Opinion: Secret courts are the final path towards the police state

In November 1926, Mussolini established the Tribunale Speciale, which was a secret court designed to convict those of dissident and anti-state activities. The Organizzazione per la Vigilanza e la Repressione dell’Antifascismo was the secret police force, wtih the authority to arrest opponents of the regime.

4,000 citizens were detained in secret, tried in secret and exiled in secret. 10 individuals were even executed in secret. Secret courts were not isolated to Fascist Italy; Nazi Germany, the Soviet Union and countless authoritarian states used or use secret trials to silence dissidents and guard state secrets. The auspice of national security is invoked to justify the illiberal, oppressive and totalitarian nature of clandestine courts; it would become impossible to hold the state accountable, if it had the power to ensure actions and mistakes are kept hidden.

All governments, including this Liberal-Conservative coalition, are capable of abusing such great powers. Secrecy, as a Former American President once said, is repugnant to a free and open society; we should not fear openness and transparency. These are not only liberal principles, but democratic ones. This Justice and Security Bill will morph Britain into a quasi-police state, an Orwellian nightmare would await us. Our liberal democracy could become an arcane relic and at the mercy of a secret judicial system.

The Home Office also has a desire to extend snooping powers, even though countless accusations of abuse have appeared in the press. The state cannot be trusted with security measures; it will inevitably be exploited to monitor harmless and trivial matters. Imagine what could occur if secret courts were allowed? Legitimate protesters might find themselves tried and convicted without even knowing the evidence against them.

Liberal Reform have issued a press release, outlining possible scenarios in which secret courts could be used. The following example directly explains what might occur, if the bill passes:

(4) A newspaper publishes articles exposing corruption by government ministers in the arms trade. The government ministers and the arms companies sue for defamation. The newspaper relies on justification and brings forwards evidence that the allegations are true. The government minister wishes to adduce evidence of malice against the paper and says his sources are security sensitive. He uses a CMP (Closed Material Procedures) to determine the case in his favour relying on the evidence of the security services. The newspaper is effectively gagged from repeating the allegations.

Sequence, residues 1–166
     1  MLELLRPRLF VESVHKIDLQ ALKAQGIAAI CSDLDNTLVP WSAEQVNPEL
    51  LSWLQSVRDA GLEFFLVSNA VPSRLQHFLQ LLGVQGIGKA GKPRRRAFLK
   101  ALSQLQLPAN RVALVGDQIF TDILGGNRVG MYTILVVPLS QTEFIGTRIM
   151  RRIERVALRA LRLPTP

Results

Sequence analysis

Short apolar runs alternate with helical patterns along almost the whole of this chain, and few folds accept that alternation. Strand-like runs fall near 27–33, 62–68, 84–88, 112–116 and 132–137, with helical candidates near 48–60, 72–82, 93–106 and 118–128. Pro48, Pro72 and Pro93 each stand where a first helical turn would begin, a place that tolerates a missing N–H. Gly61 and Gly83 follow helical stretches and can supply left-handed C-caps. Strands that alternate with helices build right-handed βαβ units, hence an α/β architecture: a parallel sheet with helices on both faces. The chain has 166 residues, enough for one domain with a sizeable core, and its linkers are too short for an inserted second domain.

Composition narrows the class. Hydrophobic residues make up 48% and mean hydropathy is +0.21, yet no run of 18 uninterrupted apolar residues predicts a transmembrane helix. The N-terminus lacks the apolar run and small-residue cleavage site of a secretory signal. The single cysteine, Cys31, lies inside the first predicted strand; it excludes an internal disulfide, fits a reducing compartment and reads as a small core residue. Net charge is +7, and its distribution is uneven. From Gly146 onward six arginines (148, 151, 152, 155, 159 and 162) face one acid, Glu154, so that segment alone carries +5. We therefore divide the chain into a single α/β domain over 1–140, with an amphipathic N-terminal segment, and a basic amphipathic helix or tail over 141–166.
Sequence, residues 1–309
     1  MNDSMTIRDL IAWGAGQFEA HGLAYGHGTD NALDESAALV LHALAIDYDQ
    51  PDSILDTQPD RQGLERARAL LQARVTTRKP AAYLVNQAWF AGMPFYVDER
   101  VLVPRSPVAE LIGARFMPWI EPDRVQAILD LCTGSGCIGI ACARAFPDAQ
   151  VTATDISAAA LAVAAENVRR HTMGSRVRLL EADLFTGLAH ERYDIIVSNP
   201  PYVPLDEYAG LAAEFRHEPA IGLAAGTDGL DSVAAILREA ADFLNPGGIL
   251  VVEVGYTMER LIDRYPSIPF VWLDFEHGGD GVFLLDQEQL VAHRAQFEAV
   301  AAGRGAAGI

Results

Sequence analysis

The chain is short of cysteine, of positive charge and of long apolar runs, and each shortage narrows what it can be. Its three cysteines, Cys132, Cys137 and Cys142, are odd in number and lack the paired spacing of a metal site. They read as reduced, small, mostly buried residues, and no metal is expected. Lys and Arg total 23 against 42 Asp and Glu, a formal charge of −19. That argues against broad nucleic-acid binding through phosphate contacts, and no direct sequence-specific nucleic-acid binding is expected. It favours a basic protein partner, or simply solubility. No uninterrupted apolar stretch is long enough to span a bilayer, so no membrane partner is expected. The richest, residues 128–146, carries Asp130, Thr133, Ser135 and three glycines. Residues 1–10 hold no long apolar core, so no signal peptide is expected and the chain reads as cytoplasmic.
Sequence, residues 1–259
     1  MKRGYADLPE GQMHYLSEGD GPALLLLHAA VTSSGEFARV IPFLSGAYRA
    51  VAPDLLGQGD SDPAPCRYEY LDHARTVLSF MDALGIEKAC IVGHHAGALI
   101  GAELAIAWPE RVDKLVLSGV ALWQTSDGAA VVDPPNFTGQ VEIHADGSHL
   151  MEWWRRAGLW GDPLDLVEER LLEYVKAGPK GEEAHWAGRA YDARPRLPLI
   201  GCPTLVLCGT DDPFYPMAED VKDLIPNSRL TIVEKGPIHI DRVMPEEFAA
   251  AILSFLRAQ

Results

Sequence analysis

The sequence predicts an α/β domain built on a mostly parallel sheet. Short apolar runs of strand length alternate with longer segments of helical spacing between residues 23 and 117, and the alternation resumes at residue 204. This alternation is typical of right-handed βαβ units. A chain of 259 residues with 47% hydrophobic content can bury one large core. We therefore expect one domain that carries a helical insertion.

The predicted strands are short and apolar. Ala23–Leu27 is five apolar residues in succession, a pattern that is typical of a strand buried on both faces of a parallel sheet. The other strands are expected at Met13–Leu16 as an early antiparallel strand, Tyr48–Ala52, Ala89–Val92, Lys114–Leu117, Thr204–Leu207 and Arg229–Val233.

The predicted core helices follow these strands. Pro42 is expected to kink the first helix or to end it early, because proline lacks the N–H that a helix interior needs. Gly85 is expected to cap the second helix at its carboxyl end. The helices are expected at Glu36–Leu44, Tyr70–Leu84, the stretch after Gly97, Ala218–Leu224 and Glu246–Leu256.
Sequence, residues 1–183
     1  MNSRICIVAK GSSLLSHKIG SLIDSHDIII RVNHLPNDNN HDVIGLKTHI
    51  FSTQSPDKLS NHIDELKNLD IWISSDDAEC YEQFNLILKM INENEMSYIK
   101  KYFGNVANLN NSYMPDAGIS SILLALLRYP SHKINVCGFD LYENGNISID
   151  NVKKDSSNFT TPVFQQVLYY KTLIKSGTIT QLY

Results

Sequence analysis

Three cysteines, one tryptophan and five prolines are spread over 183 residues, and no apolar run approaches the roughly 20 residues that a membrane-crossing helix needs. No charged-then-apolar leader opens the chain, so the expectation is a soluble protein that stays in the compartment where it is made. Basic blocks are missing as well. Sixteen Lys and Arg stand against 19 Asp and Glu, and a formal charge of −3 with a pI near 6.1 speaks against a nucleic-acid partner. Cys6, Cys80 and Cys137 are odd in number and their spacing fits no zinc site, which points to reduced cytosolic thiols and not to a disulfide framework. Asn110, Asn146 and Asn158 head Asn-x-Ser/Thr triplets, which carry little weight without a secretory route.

Closed Material Procedures (CMPs)are just a bureaucratic term for secret courts; it is designed to ensure the intentions are pure and not harmful. Yet, a CMP is no different from the Tribunale Speciale; Mussolini’s secret judicial system took all evidence and accusations in private, too. Just because we are a democracy, do not assume the government has our best interests at heart. It will do all it can to save face and reduce the fallout from potential embarrassments and scandals.

I struggle to conclude how any Liberal Democrat M.P. could support and vote in favour of such measures; this negates the philosophy of our party and liberalism in general. Arbitrary government should be restricted, not strengthened. Authority should be opposed, not appeased. We did not go into coalition to construct a police state; it was on a promise to increasing freedom and personal liberty – not destroy it.

* Daniel Furr is a former Liberal Democrat member from Canterbury and blogs here

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4 Comments

  • This is an excellent piece Daniel. Which begs the question. Why has it been here for 24 hours, with no comments?